How I learned to stop worrying and love the brand
A couple years into the lifecycle of my company, Arable, my team and I realized that we had a branding problem.
Our original name, Pulsepod Designs Limited, was not doing us any favors, and our logo — a trite symbol representing a radio beacon symbol — was also limiting.
Around this time, I also took on a new title, CEO. My old job had been to make a thing. My new job was to make a company that makes a thing.
Adam Wolf with his product, the Arable Mark.
The CEO of a young company has a tough job because we sell air: convincing people to invest their time, treasure, and perhaps some fraction of their lives bringing that ether to life. I was selling a vision for a world that didn’t yet exist, enabled by a product that didn’t yet exist, attracting a team that didn’t know us or why they wanted to work for us; getting the time and attention from investors to recognize that we were different.
Most of my waking hours I think about science, agriculture, or agricultural science, and for a good reason. You should not be a tech startup, in a space that includes the largest industrial corporations in the world, without a strong sense of intellectual property. But at some point in the life of our company, I realized the quickest (and potentially most durable) way to create value for a startup is not from engineering at all, but from brand and identity.
I struggled with this notion for years, because the whole concept of branding seemed so fake. After all, I don’t wear any clothes where you can identify the brand, I have never Liked a company on Facebook, and I avoid media with advertisements. So when it came time to come up with our own brand and identity, I was somewhat unclear on the goal. Did we even have to do it in the first place?
I came to realize that it was important — and I hope to convince you as well.
A short exercise
Without rehashing how we came up with Arable’s branding, you’ll see that by starting with mission and values, it’s possible to brainstorm the most oblique names and logos, and have them tell your story fully without banging people on the head with it.
For those who are skeptical about branding, it may be helpful to go through a short exercise.
Think about a few brands from which you absolutely would buy anything they made, because it’s always great quality, always intriguing. They don’t have to be major brands (Patagonia, Esprit) and they probably aren’t. When I went through this exercise, I picked Anchor Steam and Chez Panisse.
Start to unpack them: Anchor Steam evokes the Barbary Coast days of San Francisco with their recreation of steam beer. Every Christmas they have a beer with a California native tree on it — that’s so cool! They made a gin named Junipero, somehow bridging the juniper berry ingredient with the early Spanish explorer Junipero Serra.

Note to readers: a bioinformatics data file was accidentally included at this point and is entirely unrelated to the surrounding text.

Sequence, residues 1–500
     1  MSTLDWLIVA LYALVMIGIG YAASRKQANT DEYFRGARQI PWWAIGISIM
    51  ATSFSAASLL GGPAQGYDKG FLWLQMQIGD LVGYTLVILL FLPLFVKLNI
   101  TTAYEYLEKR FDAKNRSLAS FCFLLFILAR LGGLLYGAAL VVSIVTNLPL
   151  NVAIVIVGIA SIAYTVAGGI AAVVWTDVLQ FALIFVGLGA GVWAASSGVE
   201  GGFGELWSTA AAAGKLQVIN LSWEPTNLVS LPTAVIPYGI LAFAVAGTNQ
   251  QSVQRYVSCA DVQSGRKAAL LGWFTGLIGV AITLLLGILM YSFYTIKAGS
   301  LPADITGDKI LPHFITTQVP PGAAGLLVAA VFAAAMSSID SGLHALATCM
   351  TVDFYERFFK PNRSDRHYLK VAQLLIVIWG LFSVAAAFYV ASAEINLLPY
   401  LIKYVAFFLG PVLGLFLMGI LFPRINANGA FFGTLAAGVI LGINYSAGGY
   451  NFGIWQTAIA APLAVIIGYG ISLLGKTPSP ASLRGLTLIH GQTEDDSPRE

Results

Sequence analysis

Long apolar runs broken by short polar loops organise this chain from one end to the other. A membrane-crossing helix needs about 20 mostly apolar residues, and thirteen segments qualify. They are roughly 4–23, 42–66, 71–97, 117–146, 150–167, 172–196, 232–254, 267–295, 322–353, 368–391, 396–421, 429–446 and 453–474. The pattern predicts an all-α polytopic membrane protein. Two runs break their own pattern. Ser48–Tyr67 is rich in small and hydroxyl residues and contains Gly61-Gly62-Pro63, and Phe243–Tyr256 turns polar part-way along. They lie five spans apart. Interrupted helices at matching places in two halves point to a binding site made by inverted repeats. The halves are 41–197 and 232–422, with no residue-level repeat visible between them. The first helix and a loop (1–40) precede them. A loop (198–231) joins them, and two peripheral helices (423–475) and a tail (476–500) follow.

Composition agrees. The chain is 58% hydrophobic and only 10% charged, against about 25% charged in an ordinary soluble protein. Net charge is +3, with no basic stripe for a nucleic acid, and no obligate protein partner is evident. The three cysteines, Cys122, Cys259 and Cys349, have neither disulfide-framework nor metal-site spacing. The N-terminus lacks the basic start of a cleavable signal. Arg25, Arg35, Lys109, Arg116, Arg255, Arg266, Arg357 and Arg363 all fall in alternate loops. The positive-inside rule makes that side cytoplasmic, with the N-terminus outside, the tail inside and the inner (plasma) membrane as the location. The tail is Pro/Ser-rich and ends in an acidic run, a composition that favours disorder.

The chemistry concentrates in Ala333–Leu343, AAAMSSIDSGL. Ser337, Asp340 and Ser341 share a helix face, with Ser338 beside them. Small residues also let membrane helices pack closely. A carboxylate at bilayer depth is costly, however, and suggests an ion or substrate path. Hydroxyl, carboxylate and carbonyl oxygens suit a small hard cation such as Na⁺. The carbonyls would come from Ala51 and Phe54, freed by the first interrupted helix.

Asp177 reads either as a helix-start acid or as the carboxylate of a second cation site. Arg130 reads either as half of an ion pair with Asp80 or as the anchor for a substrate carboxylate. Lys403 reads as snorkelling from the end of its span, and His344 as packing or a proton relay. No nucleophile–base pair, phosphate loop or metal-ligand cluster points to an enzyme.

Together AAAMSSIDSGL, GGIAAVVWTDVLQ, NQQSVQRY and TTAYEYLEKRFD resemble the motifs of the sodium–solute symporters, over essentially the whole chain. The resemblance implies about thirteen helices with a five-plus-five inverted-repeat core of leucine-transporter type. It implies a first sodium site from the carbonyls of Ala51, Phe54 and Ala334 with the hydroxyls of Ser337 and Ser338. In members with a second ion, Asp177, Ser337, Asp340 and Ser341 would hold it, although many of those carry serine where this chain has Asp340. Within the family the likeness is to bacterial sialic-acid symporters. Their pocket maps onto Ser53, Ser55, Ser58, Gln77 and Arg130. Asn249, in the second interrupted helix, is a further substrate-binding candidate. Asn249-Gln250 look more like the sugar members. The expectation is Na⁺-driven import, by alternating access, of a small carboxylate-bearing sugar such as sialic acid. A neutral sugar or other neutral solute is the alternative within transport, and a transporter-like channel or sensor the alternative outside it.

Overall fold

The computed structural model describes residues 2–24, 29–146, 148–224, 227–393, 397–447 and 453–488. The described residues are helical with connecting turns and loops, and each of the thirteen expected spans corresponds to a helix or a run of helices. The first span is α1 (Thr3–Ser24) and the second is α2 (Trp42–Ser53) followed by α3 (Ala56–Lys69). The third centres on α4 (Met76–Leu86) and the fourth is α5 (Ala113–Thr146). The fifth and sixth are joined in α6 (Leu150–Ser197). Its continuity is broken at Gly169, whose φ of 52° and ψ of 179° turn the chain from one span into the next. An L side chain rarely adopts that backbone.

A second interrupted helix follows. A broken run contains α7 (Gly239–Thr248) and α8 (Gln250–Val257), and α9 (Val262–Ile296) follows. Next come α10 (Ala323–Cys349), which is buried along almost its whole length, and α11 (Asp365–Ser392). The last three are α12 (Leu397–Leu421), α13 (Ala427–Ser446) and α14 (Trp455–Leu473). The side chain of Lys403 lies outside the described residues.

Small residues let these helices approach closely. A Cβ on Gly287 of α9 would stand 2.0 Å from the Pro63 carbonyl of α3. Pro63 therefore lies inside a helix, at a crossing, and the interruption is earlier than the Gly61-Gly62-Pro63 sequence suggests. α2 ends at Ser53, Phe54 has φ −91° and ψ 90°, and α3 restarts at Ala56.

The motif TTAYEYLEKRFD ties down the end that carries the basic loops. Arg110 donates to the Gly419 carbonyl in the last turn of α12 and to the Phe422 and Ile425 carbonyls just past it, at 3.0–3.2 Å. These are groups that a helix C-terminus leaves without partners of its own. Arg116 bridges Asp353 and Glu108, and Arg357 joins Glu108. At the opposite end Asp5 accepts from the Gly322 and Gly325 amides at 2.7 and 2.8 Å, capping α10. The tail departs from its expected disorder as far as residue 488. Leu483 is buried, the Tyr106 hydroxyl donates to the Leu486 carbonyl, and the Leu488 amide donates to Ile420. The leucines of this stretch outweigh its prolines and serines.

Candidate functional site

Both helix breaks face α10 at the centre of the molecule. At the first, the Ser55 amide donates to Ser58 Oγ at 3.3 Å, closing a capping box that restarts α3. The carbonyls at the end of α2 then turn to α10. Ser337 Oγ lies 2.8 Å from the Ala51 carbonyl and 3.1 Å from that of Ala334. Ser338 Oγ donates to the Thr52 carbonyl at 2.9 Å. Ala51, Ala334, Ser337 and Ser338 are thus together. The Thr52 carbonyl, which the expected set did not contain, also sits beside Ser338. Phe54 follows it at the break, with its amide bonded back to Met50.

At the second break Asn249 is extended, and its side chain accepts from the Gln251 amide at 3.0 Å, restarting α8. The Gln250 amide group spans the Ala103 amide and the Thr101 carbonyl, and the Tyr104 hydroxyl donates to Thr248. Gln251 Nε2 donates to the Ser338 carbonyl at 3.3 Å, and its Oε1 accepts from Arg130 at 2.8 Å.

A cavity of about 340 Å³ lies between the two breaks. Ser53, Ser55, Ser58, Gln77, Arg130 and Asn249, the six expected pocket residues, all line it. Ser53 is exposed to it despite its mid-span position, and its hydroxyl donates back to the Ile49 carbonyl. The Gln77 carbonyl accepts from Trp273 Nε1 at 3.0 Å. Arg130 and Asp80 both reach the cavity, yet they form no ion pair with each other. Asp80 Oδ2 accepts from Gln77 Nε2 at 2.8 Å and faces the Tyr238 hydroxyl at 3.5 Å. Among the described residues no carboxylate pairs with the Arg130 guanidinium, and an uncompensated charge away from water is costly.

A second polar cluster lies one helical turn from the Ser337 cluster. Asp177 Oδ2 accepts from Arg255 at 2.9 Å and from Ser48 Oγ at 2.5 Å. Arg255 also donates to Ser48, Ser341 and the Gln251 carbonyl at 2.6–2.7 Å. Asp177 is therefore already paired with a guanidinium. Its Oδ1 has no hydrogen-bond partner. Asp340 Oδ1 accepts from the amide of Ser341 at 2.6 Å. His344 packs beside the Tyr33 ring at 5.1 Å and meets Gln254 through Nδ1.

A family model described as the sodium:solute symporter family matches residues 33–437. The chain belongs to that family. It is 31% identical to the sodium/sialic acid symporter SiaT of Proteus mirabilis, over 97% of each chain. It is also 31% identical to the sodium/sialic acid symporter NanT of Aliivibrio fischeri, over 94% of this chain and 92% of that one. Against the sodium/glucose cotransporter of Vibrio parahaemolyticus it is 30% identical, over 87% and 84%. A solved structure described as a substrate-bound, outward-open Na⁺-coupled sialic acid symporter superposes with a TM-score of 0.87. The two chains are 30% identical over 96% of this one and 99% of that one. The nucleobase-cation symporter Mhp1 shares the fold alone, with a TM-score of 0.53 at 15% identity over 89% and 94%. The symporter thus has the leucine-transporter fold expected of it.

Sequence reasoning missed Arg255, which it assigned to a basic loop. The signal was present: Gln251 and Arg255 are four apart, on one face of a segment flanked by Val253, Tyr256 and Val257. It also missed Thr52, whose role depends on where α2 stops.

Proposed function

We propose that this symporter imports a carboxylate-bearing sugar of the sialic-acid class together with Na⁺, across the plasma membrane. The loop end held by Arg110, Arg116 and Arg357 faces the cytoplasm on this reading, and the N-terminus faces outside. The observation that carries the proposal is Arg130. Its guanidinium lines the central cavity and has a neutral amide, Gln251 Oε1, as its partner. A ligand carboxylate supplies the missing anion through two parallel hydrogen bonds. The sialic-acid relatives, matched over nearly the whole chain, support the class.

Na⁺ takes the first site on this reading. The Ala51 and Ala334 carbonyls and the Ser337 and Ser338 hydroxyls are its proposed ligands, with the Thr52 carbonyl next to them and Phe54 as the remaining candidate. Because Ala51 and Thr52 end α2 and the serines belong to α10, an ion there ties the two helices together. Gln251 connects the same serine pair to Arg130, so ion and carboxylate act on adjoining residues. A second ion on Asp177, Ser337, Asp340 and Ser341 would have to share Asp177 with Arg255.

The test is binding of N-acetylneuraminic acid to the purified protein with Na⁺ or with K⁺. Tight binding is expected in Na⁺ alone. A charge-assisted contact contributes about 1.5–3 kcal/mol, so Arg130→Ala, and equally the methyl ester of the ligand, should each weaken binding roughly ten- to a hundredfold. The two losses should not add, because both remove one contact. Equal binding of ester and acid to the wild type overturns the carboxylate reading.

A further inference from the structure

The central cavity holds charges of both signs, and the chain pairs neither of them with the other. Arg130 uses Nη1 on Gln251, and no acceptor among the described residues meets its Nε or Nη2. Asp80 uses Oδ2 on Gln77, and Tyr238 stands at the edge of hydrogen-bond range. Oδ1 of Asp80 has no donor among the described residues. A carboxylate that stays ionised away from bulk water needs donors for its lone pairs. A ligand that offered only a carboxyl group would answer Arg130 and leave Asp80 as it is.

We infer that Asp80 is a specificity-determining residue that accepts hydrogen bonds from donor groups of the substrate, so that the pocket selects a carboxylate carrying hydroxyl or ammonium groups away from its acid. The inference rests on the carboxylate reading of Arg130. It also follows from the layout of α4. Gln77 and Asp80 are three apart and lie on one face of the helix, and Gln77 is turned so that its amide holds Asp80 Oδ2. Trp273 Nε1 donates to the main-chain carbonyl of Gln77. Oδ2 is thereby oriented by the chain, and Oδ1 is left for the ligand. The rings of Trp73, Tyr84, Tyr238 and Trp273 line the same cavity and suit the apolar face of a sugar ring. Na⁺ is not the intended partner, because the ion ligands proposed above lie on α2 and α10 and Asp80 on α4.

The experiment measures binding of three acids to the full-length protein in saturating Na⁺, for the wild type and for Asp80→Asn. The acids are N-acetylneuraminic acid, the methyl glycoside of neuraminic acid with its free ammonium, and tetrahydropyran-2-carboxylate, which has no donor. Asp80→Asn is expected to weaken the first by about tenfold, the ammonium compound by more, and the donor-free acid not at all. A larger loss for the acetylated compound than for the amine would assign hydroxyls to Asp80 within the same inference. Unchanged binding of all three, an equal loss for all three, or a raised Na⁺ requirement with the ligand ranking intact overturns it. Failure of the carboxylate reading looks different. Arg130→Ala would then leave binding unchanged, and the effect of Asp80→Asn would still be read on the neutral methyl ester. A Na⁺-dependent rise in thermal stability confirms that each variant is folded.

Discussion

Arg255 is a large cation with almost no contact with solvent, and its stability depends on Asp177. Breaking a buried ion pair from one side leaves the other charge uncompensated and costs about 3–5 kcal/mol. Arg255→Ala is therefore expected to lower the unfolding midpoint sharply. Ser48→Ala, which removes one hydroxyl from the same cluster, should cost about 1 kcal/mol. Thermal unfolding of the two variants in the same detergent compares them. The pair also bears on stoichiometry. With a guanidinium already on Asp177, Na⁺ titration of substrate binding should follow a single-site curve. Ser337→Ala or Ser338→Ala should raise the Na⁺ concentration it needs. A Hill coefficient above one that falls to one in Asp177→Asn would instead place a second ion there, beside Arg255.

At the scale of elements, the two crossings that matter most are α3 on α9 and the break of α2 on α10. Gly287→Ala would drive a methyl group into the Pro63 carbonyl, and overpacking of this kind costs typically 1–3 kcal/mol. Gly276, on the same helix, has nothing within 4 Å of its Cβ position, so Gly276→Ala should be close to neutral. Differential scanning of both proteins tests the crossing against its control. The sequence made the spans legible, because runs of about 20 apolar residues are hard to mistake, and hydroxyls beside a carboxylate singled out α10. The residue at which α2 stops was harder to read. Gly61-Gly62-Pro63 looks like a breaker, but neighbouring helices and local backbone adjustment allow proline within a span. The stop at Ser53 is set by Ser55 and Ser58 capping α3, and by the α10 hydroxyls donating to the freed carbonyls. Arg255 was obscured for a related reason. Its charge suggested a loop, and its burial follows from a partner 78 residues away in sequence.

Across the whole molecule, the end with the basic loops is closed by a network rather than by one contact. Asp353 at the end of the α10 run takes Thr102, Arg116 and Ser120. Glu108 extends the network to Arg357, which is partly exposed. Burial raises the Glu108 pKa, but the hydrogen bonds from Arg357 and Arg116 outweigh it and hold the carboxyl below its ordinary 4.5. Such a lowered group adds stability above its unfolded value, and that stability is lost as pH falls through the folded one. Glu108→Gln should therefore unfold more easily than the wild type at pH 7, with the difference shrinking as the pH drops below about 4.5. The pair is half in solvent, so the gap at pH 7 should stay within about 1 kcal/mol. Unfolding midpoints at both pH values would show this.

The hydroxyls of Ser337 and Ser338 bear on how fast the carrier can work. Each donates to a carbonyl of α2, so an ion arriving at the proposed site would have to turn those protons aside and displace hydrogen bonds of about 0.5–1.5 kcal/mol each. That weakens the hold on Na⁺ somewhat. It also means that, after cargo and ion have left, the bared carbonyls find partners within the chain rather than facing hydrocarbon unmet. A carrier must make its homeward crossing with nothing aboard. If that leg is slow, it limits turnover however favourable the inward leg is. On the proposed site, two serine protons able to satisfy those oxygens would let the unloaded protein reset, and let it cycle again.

Who actually knows the Chez Panisse reference (Marcel Pagnol??) but I feel intuitively it is about friends and heartache and memorable times around a table.
Now step back a moment: do either of these names actually say what the company does? It starts with a name, and a great name can say far more than any pitch book or one-pager. When you see Thinx do you imagine performance underwear? Or do you imagine female power and intelligence? No wonder their hashtag is #shethinx. A name is an exercise in lateral associations around how you want people to feel when they are exposed to your company. And that’s how we arrive at identity.
Another short exercise
There is an amazing book on naming called “Don’t Call it That” by Ninety Nine Monkeys (itself a great name). It starts off with a fun exercise: write down ten or twenty trite names for your company — as many as you can think of.
What makes them so terrible? They say exactly what you do in the most literal way and they don’t let through any of your core values or larger mission, those things that create an emotional connection with people.
Now write down how you want people to feel when they hear your name. You’ll start to make connections with places and people and remember bits of history and words you once heard. These are going to reflect who you are and what you’re about on an emotional and not literal level.
My favorite branding in the agri-tech space includes Granular, Descartes Labs, and Premise. If you look at a sea of green and blue logos with “farm,” “aqua,” “crop,” “ag,” etc., Granular sticks out in red and black. Descartes Labs’ logo is for sure logical and rational (cf. Cartesian world view) and just as for sure nerds (Cartesian being a coordinate system used for mapping, which is what they do). Premise has an open-ended (but positive sounding) name that appeals to NGO wonks, and a logo that suggests the part as it relates to the whole: just like sampling itself.
These all have punch because they feel authentic, and they convey something worth investigating about the uniqueness about the company behind the brand. This is essential for cutting through the noise of modern commerce.
But more than that, all of these companies’ materials are on-brand, meaning the lettering and colors are consistent, their semantic choices are consistent, and their presentation is always executed with care and precision. What these tell you is that there is a little world inside that company, and it will grow and come to occupy a durable place in the economy, meaning it’s a worthwhile commitment of your attention (if you’re a customer), the next couple years of your life (if you’re an employee), and your money (if you’re an investor). Brand says “this vision will become a reality.”
Brand: invest in it and it will pay you back manyfold!